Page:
• 43,000 children in public sector families pushed into poverty
  • The region has seen a 55% rise in the number of children in public sector families fall into poverty since 2010 – the biggest increase in England.
  • 1 in 7 UK children with a parent in the public sector will be living below the breadline by April

 Almost 43,000 children in the South West with a parent working in the public sector are now living in poverty according to new TUC analysis published today (Thursday).

Since 2010, the region has seen over 15,000 more children (+55%) fall into poverty since 2010.

The TUC research also shows that by April 2018, 1 in 7 children in the UK (550,000) in public sector working families will be living below the official poverty line as a result of the public sector pay cap, tax and benefit changes.

The analysis shows:

  • The South West (+55%) has seen the biggest increase in child poverty rates among families with a public sector worker in England. It’s followed by the North West (+51%) and East Midlands (+50%).
  • An extra 150,000 children with at least one parent working in the public sector will be below the poverty line this April – an increase of 40% since 2010.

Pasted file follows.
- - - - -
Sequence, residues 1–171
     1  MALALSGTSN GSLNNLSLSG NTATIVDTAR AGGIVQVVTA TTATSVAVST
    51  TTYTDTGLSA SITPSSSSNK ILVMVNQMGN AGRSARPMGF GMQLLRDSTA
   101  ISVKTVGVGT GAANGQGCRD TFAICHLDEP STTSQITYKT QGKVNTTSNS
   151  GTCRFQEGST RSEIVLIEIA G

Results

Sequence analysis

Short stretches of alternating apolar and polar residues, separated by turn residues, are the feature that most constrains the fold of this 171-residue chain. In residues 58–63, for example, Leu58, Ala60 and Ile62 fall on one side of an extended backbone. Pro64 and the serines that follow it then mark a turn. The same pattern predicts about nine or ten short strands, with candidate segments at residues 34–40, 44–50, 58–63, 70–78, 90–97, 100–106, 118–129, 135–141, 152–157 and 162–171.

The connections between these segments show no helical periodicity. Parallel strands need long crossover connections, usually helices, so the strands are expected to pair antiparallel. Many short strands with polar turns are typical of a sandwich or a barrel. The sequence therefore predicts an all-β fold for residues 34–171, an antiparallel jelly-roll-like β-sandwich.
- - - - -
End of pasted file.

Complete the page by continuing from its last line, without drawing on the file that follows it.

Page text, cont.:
• Families where both parents work in the public sector are the biggest losers from the Government’s pay restrictions and benefit changes. Their average household income will be down £83 each week in real terms by April 2018.
  • Households where one parent works in the public sector and another works in the private sector will lose on average £53 a week.

Separate TUC analysis shows that holding down public servants’ pay reduced spending power in the South West region by £3.9 billion since 2010.

The average South West public sector worker today earns £2608 less than if their pay had risen in line with inflation (CPI).

TUC Regional Secretary for the South West, Nigel Costley said:

“The government’s pay restrictions and in-work benefit cuts have caused needless hardship all over the UK.

“Public servants shouldn’t have to worry about feeding or clothing their kids, yet many are struggling to afford even the basics.

Ministers must give nurses, teachers and other public sector workers the pay rise they have earned or more families will continue falling into poverty.”

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